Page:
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The trail hugged the cliff side and slowly descended all the way down to 7,200 ft where we reached a bridge that crossed Lone Pine Creek. We were thankful for the sturdiness of this bridge, since it spanned a very deep gorge. While crossing over, you'll be able to see the ruins of a previous bridge lying at the bottom of the canyon.

Once we crossed, yet again we had to gain back all the elevation we lost plus more. We kept looking up at the mountains above us and wondering where Hamilton Lake sat, and whether our crossing over point, Kaweah Gap, was visible or not. It seemed hard to imagine we would be on the other side of those far way mountains just the next day.

Person for scale. Trying to capture the scale and enormity of these mountains!

Person for scale. Trying to capture the scale and enormity of these mountains!

As we climbed towards the base of the mountains, we got a better view of the peaks around us. What was just a mountain ridge we were looking at earlier that morning from Bearpaw now looked 10 times more prominent, exposed, and sheer.

The 1,000 ft climb up to Hamilton Lakes was one of the hardest of the trips for me. Even though the mileage and elevation were not that difficult, I think my body was still adjusting to the elevation and also not used to the daily strenuous backpacking routine.

At last, we finally made it to Hamilton Lakes, our first lake sighting of the trip! Hamilton Lakes were consistently mentioned as a highlight for backpackers who have hiked the High Sierra Trail, and I can see why it is a favorite. Upper Hamilton Lake sits nested in an enormous rocky bowl surrounded by sheer cliffs and several prominent mountain peaks. You can even spot 3 waterfalls cascading on the other side of the bowl all the way down into the lake.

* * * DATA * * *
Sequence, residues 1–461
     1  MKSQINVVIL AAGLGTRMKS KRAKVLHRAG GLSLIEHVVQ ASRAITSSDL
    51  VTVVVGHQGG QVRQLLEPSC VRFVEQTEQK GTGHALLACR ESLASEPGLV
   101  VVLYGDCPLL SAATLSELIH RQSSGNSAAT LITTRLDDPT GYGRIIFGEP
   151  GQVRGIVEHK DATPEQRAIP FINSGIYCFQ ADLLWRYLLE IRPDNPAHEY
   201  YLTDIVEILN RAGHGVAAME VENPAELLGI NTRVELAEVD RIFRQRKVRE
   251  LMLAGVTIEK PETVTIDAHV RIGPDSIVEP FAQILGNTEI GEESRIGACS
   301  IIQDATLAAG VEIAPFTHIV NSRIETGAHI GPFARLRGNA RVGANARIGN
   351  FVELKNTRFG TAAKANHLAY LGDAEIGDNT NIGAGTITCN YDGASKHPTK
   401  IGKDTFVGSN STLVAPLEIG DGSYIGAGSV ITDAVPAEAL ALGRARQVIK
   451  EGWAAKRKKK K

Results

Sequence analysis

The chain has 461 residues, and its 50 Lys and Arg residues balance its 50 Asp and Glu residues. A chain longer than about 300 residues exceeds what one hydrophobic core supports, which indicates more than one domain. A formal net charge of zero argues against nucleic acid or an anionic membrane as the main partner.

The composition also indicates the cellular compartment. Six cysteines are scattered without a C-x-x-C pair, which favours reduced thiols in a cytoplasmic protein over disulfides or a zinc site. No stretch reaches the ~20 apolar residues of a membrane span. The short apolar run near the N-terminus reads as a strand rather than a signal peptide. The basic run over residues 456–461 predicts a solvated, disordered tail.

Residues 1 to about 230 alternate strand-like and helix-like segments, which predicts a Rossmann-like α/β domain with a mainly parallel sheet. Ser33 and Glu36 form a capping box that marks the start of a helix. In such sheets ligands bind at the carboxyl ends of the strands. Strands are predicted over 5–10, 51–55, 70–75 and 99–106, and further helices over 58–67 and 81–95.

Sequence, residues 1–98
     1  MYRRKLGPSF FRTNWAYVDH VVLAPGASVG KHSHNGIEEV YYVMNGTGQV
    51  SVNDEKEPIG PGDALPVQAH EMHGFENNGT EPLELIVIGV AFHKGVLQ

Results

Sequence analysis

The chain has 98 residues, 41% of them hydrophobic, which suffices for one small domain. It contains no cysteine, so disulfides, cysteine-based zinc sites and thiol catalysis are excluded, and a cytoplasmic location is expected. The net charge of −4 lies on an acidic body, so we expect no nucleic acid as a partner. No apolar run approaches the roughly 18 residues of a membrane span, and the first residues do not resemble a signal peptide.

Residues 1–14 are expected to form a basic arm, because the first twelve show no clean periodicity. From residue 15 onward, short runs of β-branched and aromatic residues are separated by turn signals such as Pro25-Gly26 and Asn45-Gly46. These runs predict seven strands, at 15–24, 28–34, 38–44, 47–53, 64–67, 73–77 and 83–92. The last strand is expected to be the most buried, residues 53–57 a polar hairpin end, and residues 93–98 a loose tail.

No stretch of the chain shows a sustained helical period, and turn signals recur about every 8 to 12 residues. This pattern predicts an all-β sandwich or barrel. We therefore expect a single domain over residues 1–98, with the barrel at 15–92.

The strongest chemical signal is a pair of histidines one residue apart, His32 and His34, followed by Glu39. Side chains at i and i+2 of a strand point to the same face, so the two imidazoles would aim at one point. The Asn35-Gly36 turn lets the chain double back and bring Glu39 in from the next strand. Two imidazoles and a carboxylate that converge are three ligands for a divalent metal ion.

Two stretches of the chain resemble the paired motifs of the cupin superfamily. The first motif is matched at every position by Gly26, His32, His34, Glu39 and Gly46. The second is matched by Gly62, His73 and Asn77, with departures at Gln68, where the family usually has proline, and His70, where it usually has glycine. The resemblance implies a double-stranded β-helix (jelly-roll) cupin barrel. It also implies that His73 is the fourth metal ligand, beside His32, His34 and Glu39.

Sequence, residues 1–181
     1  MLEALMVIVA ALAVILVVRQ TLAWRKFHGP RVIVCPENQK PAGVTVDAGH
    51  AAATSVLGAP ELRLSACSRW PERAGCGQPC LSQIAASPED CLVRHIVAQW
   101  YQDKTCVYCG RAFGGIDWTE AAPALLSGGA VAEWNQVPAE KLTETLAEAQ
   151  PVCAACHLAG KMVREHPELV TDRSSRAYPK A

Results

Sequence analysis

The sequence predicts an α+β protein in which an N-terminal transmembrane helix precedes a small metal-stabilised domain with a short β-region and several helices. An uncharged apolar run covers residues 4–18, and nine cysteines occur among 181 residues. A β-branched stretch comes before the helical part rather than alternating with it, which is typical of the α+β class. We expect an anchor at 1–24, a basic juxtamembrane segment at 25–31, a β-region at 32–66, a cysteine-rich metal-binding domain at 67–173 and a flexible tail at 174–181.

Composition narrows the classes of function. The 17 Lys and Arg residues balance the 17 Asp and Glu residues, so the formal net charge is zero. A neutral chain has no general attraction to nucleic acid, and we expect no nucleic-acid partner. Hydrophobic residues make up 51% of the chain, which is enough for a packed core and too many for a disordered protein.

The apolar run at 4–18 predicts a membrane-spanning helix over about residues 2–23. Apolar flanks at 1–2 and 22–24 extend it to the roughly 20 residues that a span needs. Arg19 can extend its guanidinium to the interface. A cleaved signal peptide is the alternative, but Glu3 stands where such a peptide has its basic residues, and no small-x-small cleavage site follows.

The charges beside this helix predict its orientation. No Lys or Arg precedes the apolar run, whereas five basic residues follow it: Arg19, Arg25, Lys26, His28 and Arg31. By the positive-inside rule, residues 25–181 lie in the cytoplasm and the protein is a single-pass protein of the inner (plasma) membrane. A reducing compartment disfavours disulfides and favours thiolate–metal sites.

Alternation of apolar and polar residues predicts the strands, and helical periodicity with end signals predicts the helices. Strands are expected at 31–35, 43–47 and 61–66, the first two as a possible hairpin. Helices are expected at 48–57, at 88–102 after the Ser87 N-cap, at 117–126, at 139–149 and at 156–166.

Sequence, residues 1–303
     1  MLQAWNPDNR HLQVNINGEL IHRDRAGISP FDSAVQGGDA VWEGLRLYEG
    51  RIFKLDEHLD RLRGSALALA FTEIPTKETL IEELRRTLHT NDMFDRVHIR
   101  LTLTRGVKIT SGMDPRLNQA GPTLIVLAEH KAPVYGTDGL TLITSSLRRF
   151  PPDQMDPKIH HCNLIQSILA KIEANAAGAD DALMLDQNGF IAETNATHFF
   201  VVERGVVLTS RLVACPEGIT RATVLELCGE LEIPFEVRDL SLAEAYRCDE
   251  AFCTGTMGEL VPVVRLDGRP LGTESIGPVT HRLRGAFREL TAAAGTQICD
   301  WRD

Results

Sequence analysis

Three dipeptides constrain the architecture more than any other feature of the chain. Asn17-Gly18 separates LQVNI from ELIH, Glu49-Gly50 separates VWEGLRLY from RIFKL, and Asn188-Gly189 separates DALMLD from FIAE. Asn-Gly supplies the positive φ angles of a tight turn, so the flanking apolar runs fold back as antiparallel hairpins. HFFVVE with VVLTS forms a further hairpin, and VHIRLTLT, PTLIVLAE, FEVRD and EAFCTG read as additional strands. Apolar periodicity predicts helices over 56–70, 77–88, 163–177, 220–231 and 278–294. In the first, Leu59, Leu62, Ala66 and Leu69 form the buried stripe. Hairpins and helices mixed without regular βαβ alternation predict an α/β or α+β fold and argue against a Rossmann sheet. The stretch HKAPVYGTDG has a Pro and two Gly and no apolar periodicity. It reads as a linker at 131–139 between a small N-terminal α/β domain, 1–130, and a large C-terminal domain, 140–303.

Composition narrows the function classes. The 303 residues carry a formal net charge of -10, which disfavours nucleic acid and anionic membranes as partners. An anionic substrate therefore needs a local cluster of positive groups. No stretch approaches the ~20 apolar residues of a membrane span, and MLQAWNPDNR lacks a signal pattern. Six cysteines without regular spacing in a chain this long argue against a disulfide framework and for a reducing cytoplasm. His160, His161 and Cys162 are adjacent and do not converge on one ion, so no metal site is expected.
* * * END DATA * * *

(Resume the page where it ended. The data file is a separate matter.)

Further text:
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With plenty of bear boxes and camp sites to choose from, we picked a nice flat one a little higher up from the water with a great view over the lake. Sunset and sunrise were both quite photogenic because of the golden light on the surrounding basin and the Valhalla peaks.

One thing to note if camping here - the deer are incredibly friendly and fearless. They would wander throughout the camps looking for food and get as close as 5 feet away. We were pretty sure we also heard them tromping around our tent at night.

Hamilton lake was definitely the most popular camp site of the entire trip, and I can see why it is a highlight for most HST backpackers. The sheer mountains of the Great Western Divide encompass this lake and make for one of the most dramatic lake backdrops I've seen in the Sierra. For this reason you'll find lots of other backpackers here, as well as day hikers from Bearpaw Meadow. I can imagine this camp site being crowded in the peak season - which is probably why there is a one night minimum and a pit toilet to reduce human impact.

Since we arrived at camp relatively early, it was nice to spend the rest of the afternoon relaxing, swimming, reading, and shooting photos. We went to bed, anxious for the next day's climb up and over the towering mountains above us.

 

Read More About the High Sierra Trail

Itinerary:
Day 1: Crescent Meadow to 9 Mile Creek
Day 2: 9 Mile Creek to Hamilton Lake
Day 3: Hamilton Lake to Moraine Lake
Day 4: Moraine Lake to Junction Meadow
Day 5: Junction Meadow to Guitar Lake
Day 6: Guitar Lake out to Whitney Portal

More Posts to Help You Plan:
Backpacking the High Sierra Trail overview
How to plan transportation for the HST
What I Packed for the High Sierra Trail

 

Some of the photos in this post are by Edmond Kwok (Instagram: @edd.kwok)